Wednesdays, 7:30pm; Room 507, Mathematics
ums [at] math.columbia.edu
|October 5||Raymond Cheng||
Grothendieck Ring of Varieties
|Since the time of Euler, we have known that the alternating sum of the number of vertices, edges and faces of a polytope is, somewhat remarkably, always 2. In this talk, I will discuss invariants of geometric objects called "motivic invariants". As a main example, I discuss motivic invariants in the context of algebraic geometry where the invariants will take values in the so-called Grothendieck ring of varieties, or more affectionately, the ring of "baby motives". Despite being a rather mysterious object, we will see that this ring will allow us to make many interesting calculations and find amazing ways to encode facts we already know.|
|October 12||Sam Mundy||
Bernoulli Numbers and Arithmetic
|I will discuss the role Bernoulli numbers play in modern Number Theory.|
|October 19||Shizhang Li||Poncelet's Closure Theorem||Let C and D be two plane conics intersecting transversely. For a point c on C, consider the following procedure: find a tangent line of D passing through c, which would cut C at another point, say, c'. Now consider the chain of points on C: c, c', c'',.... The theorem says: if you could find one point c on C such that after n times of procedure described above it coincides with the original point c, then for any point on C same thing would happen. I will introduce a little bit about elliptic curves and prove this (fantastic) theorem.|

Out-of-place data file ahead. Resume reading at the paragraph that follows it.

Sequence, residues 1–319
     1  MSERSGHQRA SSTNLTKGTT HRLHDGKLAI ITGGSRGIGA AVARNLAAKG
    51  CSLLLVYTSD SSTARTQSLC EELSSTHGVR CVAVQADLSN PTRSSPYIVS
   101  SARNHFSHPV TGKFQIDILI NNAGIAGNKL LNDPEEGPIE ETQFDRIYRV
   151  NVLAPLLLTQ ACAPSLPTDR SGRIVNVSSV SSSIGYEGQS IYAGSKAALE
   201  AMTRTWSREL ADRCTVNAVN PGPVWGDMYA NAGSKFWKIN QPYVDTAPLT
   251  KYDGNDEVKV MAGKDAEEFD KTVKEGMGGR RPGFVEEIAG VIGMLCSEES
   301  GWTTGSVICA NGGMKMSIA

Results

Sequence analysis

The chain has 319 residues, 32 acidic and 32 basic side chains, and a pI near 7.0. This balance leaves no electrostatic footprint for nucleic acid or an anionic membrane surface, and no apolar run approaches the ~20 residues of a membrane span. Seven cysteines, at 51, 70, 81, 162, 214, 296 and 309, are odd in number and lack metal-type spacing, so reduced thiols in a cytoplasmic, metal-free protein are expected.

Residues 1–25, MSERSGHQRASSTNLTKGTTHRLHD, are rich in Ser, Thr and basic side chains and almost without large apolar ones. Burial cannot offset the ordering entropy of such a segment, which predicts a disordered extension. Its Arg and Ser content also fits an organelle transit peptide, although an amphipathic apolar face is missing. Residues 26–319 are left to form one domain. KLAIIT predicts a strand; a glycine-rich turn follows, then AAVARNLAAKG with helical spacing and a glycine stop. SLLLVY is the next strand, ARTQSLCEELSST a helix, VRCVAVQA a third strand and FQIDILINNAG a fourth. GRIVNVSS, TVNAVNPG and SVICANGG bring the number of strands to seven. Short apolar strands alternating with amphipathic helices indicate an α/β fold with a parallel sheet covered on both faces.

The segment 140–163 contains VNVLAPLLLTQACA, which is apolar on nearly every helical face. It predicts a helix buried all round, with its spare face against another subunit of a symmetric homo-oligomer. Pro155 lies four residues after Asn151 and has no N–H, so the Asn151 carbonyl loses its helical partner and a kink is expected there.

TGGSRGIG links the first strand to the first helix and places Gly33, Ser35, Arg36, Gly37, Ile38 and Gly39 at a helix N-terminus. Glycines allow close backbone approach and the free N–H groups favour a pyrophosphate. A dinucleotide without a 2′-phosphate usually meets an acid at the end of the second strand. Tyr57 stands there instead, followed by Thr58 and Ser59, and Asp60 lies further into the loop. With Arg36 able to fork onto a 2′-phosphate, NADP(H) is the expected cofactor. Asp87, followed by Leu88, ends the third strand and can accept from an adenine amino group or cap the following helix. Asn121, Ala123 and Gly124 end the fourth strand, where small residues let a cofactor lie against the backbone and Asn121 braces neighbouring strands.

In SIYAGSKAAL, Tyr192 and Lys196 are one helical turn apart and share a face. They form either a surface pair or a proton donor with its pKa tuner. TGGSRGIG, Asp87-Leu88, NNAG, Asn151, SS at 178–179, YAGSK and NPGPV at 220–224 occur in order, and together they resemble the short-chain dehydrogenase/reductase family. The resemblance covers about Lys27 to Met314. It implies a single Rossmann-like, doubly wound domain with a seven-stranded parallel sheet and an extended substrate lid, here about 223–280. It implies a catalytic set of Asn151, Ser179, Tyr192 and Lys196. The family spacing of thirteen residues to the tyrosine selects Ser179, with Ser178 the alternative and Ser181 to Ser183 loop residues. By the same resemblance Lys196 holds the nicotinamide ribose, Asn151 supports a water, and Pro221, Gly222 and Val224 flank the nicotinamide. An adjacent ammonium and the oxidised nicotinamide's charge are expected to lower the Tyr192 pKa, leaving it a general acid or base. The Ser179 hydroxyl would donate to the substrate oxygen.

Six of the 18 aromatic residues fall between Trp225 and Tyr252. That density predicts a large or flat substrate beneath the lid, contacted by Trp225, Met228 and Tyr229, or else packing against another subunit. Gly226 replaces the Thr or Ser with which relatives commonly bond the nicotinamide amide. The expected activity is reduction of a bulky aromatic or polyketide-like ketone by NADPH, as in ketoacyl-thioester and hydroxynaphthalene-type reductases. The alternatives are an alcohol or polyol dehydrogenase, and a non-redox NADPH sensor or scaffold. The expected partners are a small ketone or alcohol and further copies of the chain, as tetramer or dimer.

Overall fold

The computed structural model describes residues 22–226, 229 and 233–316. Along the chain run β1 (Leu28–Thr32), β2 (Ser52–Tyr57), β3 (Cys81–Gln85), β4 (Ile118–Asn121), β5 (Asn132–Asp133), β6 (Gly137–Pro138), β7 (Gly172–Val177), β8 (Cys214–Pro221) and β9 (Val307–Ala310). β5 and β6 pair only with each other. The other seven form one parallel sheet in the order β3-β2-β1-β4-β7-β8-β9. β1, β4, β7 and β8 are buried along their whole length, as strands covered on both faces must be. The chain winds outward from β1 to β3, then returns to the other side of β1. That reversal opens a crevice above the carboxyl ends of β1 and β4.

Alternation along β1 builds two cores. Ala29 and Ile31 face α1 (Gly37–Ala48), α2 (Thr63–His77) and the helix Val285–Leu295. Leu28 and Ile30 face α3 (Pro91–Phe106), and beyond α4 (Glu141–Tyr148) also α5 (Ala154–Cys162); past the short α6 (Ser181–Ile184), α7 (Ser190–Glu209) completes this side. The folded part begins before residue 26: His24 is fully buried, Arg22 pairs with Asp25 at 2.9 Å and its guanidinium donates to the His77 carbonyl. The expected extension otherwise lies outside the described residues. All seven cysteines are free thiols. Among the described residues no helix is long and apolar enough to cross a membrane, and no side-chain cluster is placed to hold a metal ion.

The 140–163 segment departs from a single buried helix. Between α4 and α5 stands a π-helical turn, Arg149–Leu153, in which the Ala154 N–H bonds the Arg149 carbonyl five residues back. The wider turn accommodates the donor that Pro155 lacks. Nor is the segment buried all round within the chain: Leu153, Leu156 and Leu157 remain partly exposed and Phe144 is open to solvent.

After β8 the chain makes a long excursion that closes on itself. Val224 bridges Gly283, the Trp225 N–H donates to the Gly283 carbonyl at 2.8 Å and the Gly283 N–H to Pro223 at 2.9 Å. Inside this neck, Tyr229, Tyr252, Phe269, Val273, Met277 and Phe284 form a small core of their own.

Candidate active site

|October 26||George Drimba||Eigenvalue Problems in Geometry||In this talk, we will explore Elliptic PDE theory and discuss tools from geometric analysis in the context of Eigenvalue problems.|
|November 2||Michael Thaddeus||Schubert Calculus||
If four skew lines in three-dimensional space are chosen at random, how many lines pass through all four of them? The answer is two. Schubert calculus is a collection of theorems in enumerative geometry for answering such questions. To describe it, we will introduce and study the Grassmannian parametrizing all k-dimensional subspaces of a fixed n-dimensional space.
|November 9||No meeting|
|November 16||Lauren Williams||Tableaux Combinatorics and Hopping Particles||
The asymmetric exclusion process is a model of particles hopping on a 1d lattice. It has been cited as a model for traffic flow and for translation in protein synthesis. I'll explain how to use certain combinatorial tableaux to understand the probabilities in the ASEP.
Note: The Fall Math Open House will take place before the talk.
|November 23||No meeting - Thanksgiving Break|
|November 30||Mitchell Faulk||Vector Operator Algebras||Vertex operator algebras are algebraic objects where the multiplication structure consists of a Z-grading of multiplications. From their inception, they played an interesting role in pure math, exhibiting connections to the Monster group and modular functions. Later, it was shown by Huang that these algebraic structures arise precisely as the algebraic structures modeling interactions of strings in conformal field theory. In this talk, we outline this brief history of these interesting algebraic structures.|
|December 7||Adam Block||Fundamental Theorem of Algebra||As many proofs of the Fundamental Theorem of Algebra I can fit into one hour.|
|December 14||Daniel Litt|
|December 21||No meeting|